Science and providence were also at play. In the 1990s, North Florida nursery owner Marvin Buchanan created some root grafts using limbs that had fallen off the Senator to develop better, taller cypress trees. About 15 Senator clones survived. For years, they remained all but forgotten.
Then, after the fire, Seminole County officials remembered the clones and asked Buchanan to plant one in Big Tree Park. So Buchanan’s crew undertook the “monumental task” of transporting the 50-foot-tall clone—dubbed The Phoenix—to Big Tree Park. Another clone was planted in Reiter Park, also in Longwood.
“We’re very fortunate we were at the right place at the right time,” Buchanan says. Creativity would also have its hand in preserving the big tree’s legacy.
County officials carefully considered how to honor the legacy of Big Tree Park’s namesake. “When it first happened, they tossed all kinds of ideas about,” Duby recalls. “One of them was, it’s nature. Let nature recycle it,”—the county’s standard response to fallen trees. “But with all the cultural and social connections it had over the years, we didn’t think that was the appropriate path to go.”
The boardwalk leading to The Senator and Lady Liberty had to be removed to allow for clearing the fallen behemoth, so the county installed a more expansive boardwalk. “Our thought was to tell the story of how the tree grew, so we put signage out there and benchmarks in the boardwalk so you can see the length and how long the process took—how tall it would be laying on the ground,” Pandos says.
The county also upgraded the park with a new playground with a stump in and on which children can play, new benches, and, more recently, an exercise equipment station. In addition, 8-foot-tall, spiked iron fences guard The Senator’s torched stump, sister tree, and thriving clone. The county held a public memorial for The Senator and a dedication for The Phoenix at the reopened park in March 2013.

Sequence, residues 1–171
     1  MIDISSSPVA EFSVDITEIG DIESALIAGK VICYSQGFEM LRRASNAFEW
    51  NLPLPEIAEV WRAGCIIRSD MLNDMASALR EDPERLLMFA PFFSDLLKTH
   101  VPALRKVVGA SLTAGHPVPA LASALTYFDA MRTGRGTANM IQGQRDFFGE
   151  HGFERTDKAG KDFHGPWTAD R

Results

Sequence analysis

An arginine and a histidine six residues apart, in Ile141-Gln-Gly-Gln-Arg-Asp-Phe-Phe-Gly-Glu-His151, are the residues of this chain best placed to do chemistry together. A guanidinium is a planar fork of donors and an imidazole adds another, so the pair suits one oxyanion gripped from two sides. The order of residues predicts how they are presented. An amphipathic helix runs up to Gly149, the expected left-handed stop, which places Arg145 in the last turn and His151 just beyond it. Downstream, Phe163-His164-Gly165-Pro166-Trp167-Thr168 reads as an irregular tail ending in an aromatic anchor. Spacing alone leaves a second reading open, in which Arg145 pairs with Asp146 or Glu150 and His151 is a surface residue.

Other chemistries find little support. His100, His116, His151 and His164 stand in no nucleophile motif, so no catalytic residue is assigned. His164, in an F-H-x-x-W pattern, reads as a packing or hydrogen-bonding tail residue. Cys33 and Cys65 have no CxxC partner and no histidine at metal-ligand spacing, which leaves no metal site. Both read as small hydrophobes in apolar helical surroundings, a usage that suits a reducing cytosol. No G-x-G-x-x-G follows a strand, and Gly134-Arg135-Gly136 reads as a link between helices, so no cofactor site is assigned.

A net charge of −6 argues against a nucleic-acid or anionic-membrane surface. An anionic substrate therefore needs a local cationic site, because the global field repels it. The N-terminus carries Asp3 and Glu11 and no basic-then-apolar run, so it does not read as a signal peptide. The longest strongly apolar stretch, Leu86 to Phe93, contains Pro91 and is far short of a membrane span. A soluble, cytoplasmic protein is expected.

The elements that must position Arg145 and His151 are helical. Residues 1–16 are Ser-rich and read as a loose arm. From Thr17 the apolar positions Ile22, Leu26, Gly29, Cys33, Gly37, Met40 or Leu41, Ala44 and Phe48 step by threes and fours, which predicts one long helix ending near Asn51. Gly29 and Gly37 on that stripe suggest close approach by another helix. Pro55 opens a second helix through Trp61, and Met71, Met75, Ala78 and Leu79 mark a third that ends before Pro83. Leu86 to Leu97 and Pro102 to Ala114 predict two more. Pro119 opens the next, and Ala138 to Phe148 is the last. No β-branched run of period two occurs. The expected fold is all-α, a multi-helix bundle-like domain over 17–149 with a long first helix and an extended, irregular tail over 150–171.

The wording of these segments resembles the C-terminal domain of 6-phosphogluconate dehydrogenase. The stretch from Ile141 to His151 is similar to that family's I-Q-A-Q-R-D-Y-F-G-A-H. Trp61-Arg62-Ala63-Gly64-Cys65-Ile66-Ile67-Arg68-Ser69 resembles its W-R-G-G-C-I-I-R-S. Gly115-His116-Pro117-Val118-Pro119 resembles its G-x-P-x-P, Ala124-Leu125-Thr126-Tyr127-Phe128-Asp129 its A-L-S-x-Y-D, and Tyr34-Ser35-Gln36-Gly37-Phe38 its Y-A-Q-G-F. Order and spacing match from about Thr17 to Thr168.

Beauty from ashes
Something had to be done with the tree’s remains. The county selected four local artisans to bring beauty from ashes. “We basically said, ‘You guys collect the wood,’” Duby says. “‘Out of half of it, you make something and give it to us. With the other half, you can make something and sell it to recoup your costs.’” Charcoal from the remains was mixed into epoxy to strengthen the remnants.
Wood burnings, carvings, and an electric guitar—artwork of all kinds—rose from the remains of the storied tree. They displayed some items at the Museum of Seminole County History and other county institutions, while they sold others to fund a traveling historical exhibit about The Senator.
“The idea was to preserve the legacy and tell the story in a way you could point back and talk about ecological heritage in the same way you talk about cultural heritage,” Lloyd, the museum coordinator, says. “We’re treating The Senator as a character of sorts because of its notable effect on the county and its history and heritage.”
fter all, Lloyd says, we view trees as “that stalwart eternal guardian”—until, as we are reminded, they are no more.